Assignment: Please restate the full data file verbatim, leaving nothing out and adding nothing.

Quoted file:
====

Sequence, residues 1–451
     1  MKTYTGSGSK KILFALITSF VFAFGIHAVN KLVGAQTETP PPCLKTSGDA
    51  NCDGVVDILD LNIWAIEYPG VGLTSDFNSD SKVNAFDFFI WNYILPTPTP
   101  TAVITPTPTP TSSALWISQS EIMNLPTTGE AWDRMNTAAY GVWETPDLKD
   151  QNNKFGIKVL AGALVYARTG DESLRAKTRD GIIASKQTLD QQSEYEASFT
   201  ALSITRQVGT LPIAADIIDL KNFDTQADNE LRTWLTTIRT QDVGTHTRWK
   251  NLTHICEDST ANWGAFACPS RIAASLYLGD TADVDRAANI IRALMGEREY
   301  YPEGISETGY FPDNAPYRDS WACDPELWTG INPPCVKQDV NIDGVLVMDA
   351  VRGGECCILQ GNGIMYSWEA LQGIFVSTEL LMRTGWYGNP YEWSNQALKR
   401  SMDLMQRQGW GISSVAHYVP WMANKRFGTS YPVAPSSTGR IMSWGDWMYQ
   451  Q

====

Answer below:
Sequence, residues 1–451
     1  MKTYTGSGSK KILFALITSF VFAFGIHAVN KLVGAQTETP PPCLKTSGDA
    51  NCDGVVDILD LNIWAIEYPG VGLTSDFNSD SKVNAFDFFI WNYILPTPTP
   101  TAVITPTPTP TSSALWISQS EIMNLPTTGE AWDRMNTAAY GVWETPDLKD
   151  QNNKFGIKVL AGALVYARTG DESLRAKTRD GIIASKQTLD QQSEYEASFT
   201  ALSITRQVGT LPIAADIIDL KNFDTQADNE LRTWLTTIRT QDVGTHTRWK
   251  NLTHICEDST ANWGAFACPS RIAASLYLGD TADVDRAANI IRALMGEREY
   301  YPEGISETGY FPDNAPYRDS WACDPELWTG INPPCVKQDV NIDGVLVMDA
   351  VRGGECCILQ GNGIMYSWEA LQGIFVSTEL LMRTGWYGNP YEWSNQALKR
   401  SMDLMQRQGW GISSVAHYVP WMANKRFGTS YPVAPSSTGR IMSWGDWMYQ
   451  Q